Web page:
According to the Crisis On Infinite Earths Compendium (the Absolute edition’s companion volume), Flash writer Cary Bates was told in May 1984 that the title would be cancelled with the next summer’s issue #350. Perhaps in recognition of his years writing Barry Allen, Bates was “given a chance to use the name and start all over again” (p. 9). At that point Wally “Kid Flash” West was effectively retired, thanks to the great pain which then went with using his super-speed. This left Barry with no obvious successor, and for a little while it looked like the next Flash would be a new character.
Regardless, a July 3, 1984, memo mentioned “cur[ing] Wally West [so that] he could possibly become the new, revised Flash” (p. 16). As Crisis penciller George Perez explained in Amazing Heroes #91 (March 15, 1986), making Wally the Flash “became almost an 11th hour decision after DC couldn’t quite come up with an idea for a new Flash. No one could think of anything without feeling like they were somehow insulting the name by giving it to a concept that had nothing to do with Barry Allen” (p. 50). Besides, Perez and Crisis writer Marv Wolfman had given Wally his affliction in the pages of New Teen Titans, so they didn’t have any problems taking it away.
While affection for Barry Allen’s legacy would have been understandable among the DC professionals who had both grown up with and worked on the character, it’s worth pointing out that Barry himself had no real connection with his predecessor beyond being a fan of Jay Garrick’s comic-book adventures. Thus, there was a precedent for the third Flash being someone unconnected to Barry. (However, according to Perez, such a Flash probably wouldn’t have been a woman, considering that Crisis was already introducing female versions of Dr. Light and Wildcat.)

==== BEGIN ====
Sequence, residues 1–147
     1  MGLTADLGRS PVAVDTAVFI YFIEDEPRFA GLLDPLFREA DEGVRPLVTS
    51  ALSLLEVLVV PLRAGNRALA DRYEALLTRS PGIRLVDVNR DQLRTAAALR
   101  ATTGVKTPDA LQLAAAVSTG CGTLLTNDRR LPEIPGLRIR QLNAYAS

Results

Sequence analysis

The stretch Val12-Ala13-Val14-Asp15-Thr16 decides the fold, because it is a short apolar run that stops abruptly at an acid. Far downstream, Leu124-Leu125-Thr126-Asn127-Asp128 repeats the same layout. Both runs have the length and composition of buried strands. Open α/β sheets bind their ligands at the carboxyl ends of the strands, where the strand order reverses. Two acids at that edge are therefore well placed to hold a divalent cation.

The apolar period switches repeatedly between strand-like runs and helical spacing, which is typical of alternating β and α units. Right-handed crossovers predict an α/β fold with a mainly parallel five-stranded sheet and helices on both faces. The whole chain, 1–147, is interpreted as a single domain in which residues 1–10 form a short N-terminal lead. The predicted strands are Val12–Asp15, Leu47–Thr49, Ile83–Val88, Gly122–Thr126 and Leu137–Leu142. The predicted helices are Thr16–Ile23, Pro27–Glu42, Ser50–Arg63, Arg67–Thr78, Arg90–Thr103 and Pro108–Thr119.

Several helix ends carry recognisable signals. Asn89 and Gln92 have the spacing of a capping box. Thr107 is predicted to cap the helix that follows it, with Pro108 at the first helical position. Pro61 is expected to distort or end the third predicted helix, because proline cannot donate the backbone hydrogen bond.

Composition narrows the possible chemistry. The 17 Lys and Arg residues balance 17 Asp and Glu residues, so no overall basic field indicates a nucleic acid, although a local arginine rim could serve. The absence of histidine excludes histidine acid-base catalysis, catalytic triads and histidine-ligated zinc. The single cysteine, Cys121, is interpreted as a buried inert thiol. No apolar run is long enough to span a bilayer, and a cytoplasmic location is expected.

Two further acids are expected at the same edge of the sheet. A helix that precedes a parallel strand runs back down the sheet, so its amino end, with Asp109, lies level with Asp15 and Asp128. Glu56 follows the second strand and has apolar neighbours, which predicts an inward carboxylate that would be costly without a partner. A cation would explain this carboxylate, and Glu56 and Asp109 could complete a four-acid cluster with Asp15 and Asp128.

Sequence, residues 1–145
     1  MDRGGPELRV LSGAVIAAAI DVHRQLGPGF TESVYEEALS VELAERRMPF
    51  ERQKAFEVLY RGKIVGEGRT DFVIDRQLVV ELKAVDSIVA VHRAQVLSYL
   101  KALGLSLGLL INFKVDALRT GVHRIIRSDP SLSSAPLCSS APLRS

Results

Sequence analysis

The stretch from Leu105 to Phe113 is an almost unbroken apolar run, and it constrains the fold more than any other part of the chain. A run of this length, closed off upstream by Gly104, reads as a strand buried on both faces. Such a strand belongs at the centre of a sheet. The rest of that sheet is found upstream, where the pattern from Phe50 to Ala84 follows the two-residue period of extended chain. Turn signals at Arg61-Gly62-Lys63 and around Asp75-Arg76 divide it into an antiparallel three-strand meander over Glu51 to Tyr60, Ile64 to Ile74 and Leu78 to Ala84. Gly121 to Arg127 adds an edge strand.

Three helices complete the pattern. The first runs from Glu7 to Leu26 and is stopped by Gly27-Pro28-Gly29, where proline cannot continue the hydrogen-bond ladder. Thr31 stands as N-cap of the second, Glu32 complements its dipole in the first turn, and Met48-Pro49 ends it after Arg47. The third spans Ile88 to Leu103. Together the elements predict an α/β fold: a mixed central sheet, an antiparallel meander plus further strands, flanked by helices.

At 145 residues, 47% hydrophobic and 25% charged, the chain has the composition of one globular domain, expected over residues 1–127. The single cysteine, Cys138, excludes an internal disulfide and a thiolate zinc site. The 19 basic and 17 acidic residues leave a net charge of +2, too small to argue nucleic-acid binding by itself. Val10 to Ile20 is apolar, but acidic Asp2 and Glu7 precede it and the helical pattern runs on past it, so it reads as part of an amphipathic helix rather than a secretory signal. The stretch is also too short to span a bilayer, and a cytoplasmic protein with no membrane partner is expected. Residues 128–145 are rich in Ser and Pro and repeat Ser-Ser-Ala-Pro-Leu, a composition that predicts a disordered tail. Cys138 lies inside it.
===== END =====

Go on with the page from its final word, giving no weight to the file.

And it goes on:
If — and this is probably a bigger “if” than any of the other examples in this post — DC had gone with a heretofore-unknown Flash III, I think it would have had a huge effect on the company’s concept of superhero “families” and “legacies.” Wally was the standard-bearer for that sort of thing, at least until Jack “Starman” Knight came along. Additionally, Wally’s need to emulate Barry let his writers indulge whatever love they had for the Silver Age. Bill Messner-Loebs made the Rogues’ Gallery a bunch of avuncular goofballs, and Mark Waid used Barry’s reputation to inspire Wally to new heights. In fact, Waid’s work on The Flash is said to have inspired Grant Morrison’s JLA, so there’s another combination which might not have come to pass without Wally in the red suit. Overall, the Wally-to-Barry transition is widely regarded today as an excellent example of an older character given a dignified exit and his successor growing organically into the role.